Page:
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Red Sox legend Pedro Martinez offers advice that could end David Price's feud with Boston media

John Tomase
January 30, 2018 - 1:28 pm

David Price's problems last year came down to his dislike of messengers. He lambasted Comcast's Evan Drellich, embarrassed Hall of Fame broadcaster Dennis Eckersley, and engaged in a pointless battle with the media that cast a pall over the entire Red Sox clubhouse.

Red Sox legend Pedro Martinez is no stranger to such conflict. He periodically lost patience with the media, too, and he has some advice for Price that could make 2018 a lot smoother than 2017, as he recently told WEEI's Trenni & Tomase.

"He's really smart. He's a fun loving guy. He's been that fun-loving guy here, too," Martinez said. "The problem is sometimes I see miscommunications between him and the media and the way he handles these things. I think everything is going to change this year, first of all, because he's going to be healthy. That's one thing that would get me frustrated, listening to questions from the media when I was hurt. When I was hurt, I did not want to hear questions. I did not want to hear jokes. I did not want to hear many things. I think he's going to be healthy. I think the media is going to have a blast watching this guy pitch."

When Martinez played, he routinely sparred with WBZ's Jonny Miller, who never met a hard question he wouldn't ask. He sometimes blew up at local columnists like Dan Shaughnessy of the Globe or Steve Buckley of the Herald. But he never let it linger. That's a lesson Price could stand to learn.

"They were negative and I hate negative thoughts around me," Martinez said. "Jonny Miller would be like, 'Are we cursed again!?!' And Shaughnessy would be like, 'Uh-oh, the Curse of the Bambino is back, they're not going to win it again.' Now that we won it, now that we showed we can win it, there's no need to actually be mad at Jonny Miller or Shaughnessy being negative. You realize that once you win, once you do things right, everything becomes a joke. I was the first one to spray Jonny Miller with champagne, on his eyes, because I wanted the negativity to be washed away, and it (was). Since then, three championships, everyone's happy."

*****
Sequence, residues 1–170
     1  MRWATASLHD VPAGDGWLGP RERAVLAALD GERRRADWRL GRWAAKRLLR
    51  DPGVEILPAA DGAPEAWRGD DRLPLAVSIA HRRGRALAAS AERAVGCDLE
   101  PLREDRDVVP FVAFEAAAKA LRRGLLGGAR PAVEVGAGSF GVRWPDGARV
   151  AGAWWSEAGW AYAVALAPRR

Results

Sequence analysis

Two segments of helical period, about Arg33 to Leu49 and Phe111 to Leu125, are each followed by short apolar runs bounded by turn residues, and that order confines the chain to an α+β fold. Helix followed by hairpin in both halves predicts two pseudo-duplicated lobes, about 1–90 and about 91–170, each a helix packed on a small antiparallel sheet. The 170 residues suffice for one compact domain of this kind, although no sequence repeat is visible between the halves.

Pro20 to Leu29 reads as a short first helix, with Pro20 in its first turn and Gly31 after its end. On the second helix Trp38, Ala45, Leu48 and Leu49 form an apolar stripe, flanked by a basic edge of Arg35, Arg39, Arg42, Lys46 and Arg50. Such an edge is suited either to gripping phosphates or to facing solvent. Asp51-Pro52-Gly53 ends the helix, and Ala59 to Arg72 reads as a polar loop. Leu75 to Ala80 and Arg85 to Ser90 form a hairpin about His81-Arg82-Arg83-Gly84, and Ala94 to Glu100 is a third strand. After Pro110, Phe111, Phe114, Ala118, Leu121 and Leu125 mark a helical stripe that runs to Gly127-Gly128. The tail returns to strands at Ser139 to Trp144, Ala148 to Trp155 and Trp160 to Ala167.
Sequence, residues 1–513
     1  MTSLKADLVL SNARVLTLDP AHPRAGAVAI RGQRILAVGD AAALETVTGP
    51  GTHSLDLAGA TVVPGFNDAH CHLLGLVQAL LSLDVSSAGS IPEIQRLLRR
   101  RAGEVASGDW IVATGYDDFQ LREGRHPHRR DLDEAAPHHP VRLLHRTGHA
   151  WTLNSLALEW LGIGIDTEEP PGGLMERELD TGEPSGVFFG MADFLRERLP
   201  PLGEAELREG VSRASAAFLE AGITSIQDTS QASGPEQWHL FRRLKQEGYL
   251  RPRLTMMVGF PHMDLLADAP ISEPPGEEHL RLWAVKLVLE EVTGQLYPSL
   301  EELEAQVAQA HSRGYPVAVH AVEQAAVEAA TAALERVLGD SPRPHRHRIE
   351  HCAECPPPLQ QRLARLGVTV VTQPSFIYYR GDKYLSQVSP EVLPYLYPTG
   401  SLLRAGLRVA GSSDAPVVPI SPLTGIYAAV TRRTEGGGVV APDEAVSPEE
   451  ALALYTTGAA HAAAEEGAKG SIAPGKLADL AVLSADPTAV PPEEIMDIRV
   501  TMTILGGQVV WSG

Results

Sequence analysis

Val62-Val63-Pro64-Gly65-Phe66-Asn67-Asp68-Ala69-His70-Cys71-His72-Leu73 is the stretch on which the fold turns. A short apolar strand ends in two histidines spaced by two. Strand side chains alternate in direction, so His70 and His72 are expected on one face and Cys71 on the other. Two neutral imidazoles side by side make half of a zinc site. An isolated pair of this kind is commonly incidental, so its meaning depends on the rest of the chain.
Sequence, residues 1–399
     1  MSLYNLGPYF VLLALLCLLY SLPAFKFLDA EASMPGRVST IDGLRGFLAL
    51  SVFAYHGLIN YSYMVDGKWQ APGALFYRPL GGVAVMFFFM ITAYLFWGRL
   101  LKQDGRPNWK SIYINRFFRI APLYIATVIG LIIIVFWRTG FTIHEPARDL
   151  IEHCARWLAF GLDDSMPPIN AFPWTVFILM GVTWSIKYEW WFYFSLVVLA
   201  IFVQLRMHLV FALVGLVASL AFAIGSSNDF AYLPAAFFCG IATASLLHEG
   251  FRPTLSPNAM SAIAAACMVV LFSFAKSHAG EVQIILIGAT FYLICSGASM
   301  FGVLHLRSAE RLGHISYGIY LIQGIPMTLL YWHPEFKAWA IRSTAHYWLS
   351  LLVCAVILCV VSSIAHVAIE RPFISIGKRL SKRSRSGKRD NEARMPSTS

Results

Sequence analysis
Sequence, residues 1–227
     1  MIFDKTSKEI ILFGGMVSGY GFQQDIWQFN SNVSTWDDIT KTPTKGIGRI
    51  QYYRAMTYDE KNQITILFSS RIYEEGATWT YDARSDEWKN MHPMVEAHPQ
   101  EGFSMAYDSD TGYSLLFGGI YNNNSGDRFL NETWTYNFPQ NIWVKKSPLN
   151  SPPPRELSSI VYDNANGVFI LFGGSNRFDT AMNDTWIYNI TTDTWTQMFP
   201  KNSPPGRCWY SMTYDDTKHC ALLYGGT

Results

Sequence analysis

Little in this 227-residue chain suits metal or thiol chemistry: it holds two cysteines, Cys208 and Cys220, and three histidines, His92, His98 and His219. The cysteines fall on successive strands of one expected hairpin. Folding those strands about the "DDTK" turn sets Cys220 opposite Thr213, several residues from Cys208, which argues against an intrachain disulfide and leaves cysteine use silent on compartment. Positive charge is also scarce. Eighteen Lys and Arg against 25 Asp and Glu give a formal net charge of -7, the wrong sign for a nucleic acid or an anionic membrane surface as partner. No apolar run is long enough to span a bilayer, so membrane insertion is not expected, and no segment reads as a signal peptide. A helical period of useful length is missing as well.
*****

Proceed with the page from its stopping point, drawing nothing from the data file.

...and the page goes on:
Well, not everybody. Price arrived in Boston with the reputation as an excellent teammate, but he wore a near-constant scowl last season. Martinez traces that cloudy disposition to the spring training elbow injury that jeopardized Price's season and landed him in the bullpen for the playoffs.

Price dominated in that role, and Martinez believes it should be the jumping-off point for this season.

"We saw it during the postseason," he said. "When we saw David Price come out of the bullpen and do what he did for Boston, everybody embraced him. I think everything revolves around that. You perform out there, you do what Chris Sale is doing, everybody embraces it.

"Now when you're struggling and you're hurt and you can't show everybody else what you're capable of doing, it's a little bit frustrating, so for the media, they start digging to ask when are you going to pitch, when are you going to feel better, when are you going to be able to contribute with the team. It's frustrating. I don't blame him for feeling a little bit cranky. But at the same time, I expect the media to really just stop and look at this guy perform. And I think he's going to be able to do that because he's healthy, he's got enough rest. And they will see how much fun he is and how good of a guy he is."

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